Post Number: 20
|Posted on Wednesday, July 13, 2005 - 12:52 pm: ||
I have seen stated that 90 - 120 IBUs is the maximum limit for bitterness in a beer due to solubility and saturation of alpha-acids.
I have also seen other claims that 80-100 IBUs is the max human perception of bitterness.
Does anyone have any references or articles they can point me to documenting either of these?
Post Number: 815
|Posted on Wednesday, July 13, 2005 - 02:09 pm: ||
You may want to search through the HBD archives. The Great Al Korzonas did some studies about the human ability to perceive hop bitterness and such...
I want to say that it was in the 1999-2000 time frame.
Post Number: 21
|Posted on Wednesday, July 13, 2005 - 07:29 pm: ||
Thanks Skotrat!!! Nice memory,1998! HBD #2791 and #2797 Al Korzonas makes reference to 100 IBU being difficult to surpass. His source is The Practical Brewer, published by the MBAA.
Also a fellow club member found this for me:
In summary, Mitch Steelean, assistant brew master at Anheuser-Busch says:
"The maximum IBU level in a beer is somewhatd dependent on composition of the beer. A higher alcohol, higher gravity beer can have more IBUs than a beer at 5 percent alcohol. A 5 percent beer will max out at 120 parts per million iso-alpha acids, which corresponds to about 80 IBU. It is physically impossible to have more IBU than that in a 5 percent beer. As alcohol and unfermented carbohydrate in the beer increases, so does the ability of the beer to carry more IBU. Our hop
research expert feels that the claim that some barley wines have over 100 IBU is probably valid."
So it may be possible to exceed 100 with a big beer. The 120 parts per million iso-alpha acids is still consistent with ALK under a 5%ABv/w beer. Kind of ironic that this is from an AB guy!
Post Number: 4848
|Posted on Wednesday, July 13, 2005 - 07:32 pm: ||
Al Korzonas! One of the first books I got (and still one of the best) was Homebrewing Vol. 1. Sure wish he was as active in the HB world as he used to be.
LIfe begins at 60...1.060, that is.
Post Number: 1610
|Posted on Wednesday, July 13, 2005 - 08:04 pm: ||
Again, AB is a business, and they brew the beers that they can sell for the most profit. If IPAs were the peoples' choice, AB would be brewing IPAs, and they would be incredible...
Using the mighty recipator for my IPAs and IIPAs, I can't notice a difference once it gets over ~90 ibus as far as bitterness. Aroma is another story!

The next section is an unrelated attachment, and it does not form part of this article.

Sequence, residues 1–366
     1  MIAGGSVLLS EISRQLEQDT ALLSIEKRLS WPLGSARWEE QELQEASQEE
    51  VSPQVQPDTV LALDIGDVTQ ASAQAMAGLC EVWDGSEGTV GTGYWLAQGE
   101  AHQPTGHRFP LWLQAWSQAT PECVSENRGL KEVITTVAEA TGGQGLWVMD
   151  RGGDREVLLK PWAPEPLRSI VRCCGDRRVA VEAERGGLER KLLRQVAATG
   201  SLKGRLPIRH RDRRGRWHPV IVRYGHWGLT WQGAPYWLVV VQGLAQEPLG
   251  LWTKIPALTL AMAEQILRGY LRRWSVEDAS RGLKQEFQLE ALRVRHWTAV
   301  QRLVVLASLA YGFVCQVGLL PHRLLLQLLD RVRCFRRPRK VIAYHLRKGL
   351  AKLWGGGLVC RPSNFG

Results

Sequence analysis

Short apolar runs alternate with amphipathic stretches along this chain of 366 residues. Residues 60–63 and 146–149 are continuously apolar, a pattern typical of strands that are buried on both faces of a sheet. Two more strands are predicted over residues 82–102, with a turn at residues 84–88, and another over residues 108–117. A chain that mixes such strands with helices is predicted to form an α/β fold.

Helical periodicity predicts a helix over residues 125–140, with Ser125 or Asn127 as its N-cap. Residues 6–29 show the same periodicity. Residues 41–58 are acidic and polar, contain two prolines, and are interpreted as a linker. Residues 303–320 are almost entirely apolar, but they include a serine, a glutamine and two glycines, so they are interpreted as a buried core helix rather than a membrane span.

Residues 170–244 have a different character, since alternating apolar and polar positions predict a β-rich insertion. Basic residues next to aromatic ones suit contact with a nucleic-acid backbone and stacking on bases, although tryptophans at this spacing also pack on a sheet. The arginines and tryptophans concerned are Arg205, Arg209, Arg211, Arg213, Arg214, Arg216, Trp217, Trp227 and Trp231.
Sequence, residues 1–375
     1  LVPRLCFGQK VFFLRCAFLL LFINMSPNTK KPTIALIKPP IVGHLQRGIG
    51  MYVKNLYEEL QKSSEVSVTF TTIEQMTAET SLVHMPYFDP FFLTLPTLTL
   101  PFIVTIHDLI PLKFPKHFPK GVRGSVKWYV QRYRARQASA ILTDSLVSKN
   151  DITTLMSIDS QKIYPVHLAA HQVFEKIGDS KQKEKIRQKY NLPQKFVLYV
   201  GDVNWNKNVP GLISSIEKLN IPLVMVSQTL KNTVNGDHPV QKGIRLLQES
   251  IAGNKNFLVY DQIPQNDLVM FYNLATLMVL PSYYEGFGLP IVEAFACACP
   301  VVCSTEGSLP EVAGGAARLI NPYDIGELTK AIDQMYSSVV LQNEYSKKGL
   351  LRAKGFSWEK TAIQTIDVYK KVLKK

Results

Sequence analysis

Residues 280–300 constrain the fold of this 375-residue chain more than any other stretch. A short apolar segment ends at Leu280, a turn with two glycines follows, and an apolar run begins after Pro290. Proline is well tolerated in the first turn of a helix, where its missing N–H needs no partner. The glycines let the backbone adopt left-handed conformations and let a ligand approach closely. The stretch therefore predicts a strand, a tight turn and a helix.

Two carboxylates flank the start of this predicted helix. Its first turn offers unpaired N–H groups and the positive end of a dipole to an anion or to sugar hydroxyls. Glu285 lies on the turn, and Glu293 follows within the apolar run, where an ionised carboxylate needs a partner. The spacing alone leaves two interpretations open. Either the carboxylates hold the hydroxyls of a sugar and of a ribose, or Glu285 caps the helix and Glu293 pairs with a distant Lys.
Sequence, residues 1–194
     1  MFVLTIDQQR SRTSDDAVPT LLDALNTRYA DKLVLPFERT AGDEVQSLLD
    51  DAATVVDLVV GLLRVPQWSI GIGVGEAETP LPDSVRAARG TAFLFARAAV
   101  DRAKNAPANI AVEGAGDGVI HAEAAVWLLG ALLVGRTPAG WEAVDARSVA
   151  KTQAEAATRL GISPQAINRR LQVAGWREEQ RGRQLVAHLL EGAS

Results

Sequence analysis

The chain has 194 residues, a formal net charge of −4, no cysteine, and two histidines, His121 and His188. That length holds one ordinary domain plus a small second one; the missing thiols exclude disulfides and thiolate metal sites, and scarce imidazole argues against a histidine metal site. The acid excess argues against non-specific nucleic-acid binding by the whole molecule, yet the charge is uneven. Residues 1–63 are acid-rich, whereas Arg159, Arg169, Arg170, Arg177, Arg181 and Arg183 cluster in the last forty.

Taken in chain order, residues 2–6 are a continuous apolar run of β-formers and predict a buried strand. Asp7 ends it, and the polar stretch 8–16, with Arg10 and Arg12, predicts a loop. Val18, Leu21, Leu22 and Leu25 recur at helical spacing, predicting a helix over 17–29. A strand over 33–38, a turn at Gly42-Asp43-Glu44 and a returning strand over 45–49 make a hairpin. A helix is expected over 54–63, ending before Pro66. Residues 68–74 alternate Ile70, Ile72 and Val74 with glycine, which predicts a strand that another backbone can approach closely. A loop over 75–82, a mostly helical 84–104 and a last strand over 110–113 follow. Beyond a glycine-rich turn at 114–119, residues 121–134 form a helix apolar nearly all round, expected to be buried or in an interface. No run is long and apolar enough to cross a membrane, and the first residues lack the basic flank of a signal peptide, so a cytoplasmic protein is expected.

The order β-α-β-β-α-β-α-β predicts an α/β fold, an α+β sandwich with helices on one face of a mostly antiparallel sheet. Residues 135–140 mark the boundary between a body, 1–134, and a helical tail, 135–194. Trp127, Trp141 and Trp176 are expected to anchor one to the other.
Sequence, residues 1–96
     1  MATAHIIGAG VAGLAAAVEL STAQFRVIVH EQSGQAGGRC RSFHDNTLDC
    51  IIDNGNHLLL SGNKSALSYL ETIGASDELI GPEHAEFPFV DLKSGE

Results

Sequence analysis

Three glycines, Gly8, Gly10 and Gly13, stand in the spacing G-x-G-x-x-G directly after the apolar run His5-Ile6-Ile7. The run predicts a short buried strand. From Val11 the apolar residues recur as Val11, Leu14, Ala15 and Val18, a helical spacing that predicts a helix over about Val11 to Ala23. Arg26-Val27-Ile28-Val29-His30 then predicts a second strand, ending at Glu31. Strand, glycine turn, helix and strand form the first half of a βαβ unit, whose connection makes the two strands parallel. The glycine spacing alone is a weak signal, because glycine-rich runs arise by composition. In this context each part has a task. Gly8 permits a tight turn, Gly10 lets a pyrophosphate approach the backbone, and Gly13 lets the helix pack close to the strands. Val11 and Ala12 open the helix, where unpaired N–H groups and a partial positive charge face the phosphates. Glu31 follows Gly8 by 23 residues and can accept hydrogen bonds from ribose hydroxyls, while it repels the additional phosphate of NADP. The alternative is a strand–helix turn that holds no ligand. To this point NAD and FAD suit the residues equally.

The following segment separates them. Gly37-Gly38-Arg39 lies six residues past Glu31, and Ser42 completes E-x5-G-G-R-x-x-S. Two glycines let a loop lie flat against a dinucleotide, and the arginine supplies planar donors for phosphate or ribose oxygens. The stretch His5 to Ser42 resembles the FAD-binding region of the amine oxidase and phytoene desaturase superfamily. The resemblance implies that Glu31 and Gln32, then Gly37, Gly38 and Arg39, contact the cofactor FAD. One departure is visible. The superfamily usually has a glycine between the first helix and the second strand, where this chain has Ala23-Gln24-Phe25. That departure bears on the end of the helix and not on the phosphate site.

Post Number: 18
|Posted on Wednesday, July 13, 2005 - 09:09 pm: ||
IBU is a representation of soluble alpha acids, but it is not always representative of the overall perceived bitterness of beer. Two beers with identical IBUs can have a totally different perceived bitterness due to several other factors ranging from the obvious to not so obvious:
1) Other ingredients used in the beer that can contribute perceived bitterness (tannins, flavor compounds, yeast metabolism byproducts, etc..)
2) The drinker - different people have different sensitivities to bitterness and the ability to perceive bitterness evolves differently within different populations over time
3) Chemistry in the mouth - ion and pH of saliva have a significant impact of bitterness perception
4)History - What the consumer has tasted prior to drinking the beer - drink 2 consecutive, identical double IPAs and most people think the second one is less bitter than the first
IBUs are a number but don't always relate to how one will perceive bitterness and other flavors..
A good friend works at an analytical lab that does alpha acid solubility testing - hes never seen a value higher than 105 - that was in his own homebrew in which he boiled 16 ounces of hops for 3 hours with an OG of 25 plato. Interestingly, this beer finished with so much residual sweetness it didn't taste that bitter to me...
Some articles that may interest you can be found by searching online journal archives such as "Chemical Senses", "Physiology and Behavior", "Archives of Oral Biology" and some of the Food Science Sensory Science Journals....
Post Number: 2393
|Posted on Thursday, July 14, 2005 - 07:54 am: ||
I have seen a few references, some from MBAA and some other research articles. I tried to find the link now but I could't find it atm.
But, like has been said while the ballpark of IBU 100 may be some kind of rough max for a normal beer it is bound to depend on the composition, alcohol contents and certainly the pH. The alpha acids are acids, and the protolysis equiblirium is totally determined by pH.
isoAAH <-> isoAA(-) + H(+)
Higher pH favours isoAA(-) over isoAAH, which most certainly have much higher solubility.
It's well known that the impact of isoAA utilisation of pH during boil is huge. I think you can find much on the web by searching on humulone, pH and soubility.
This is why you can't say if the solubility is 100, 90 or 120. It can most certainly vary far more depending on some key facators like pH and ethanol contents.
I did some ballpark estimate and I wouldn't consider it impossible to hit maybe 200 IBU if the pH were to be 5.
I think this 100 IBU is a typical number for typical beer. If your beer pH is 4.2 or 4.5, I personally suspect the difference can be huge, I wouldn't think a factor two in IBU solubility to be out of the question.
I think one shouldn't hang up on wether it's 100 or 120. If you really want to know, then I would guess that you most certainly need to know etahnol contecnts and your beer pH accurate with two decimals.
FWIW, I did a silly and crude *ballpark estimate* before and it's not confirmed, but these estimates indicates that the impact of AA solubility of a pH shift of 0.1 could be as much as 25%. Probably not more though, but 25% is ALOT. It means 100 vs 125.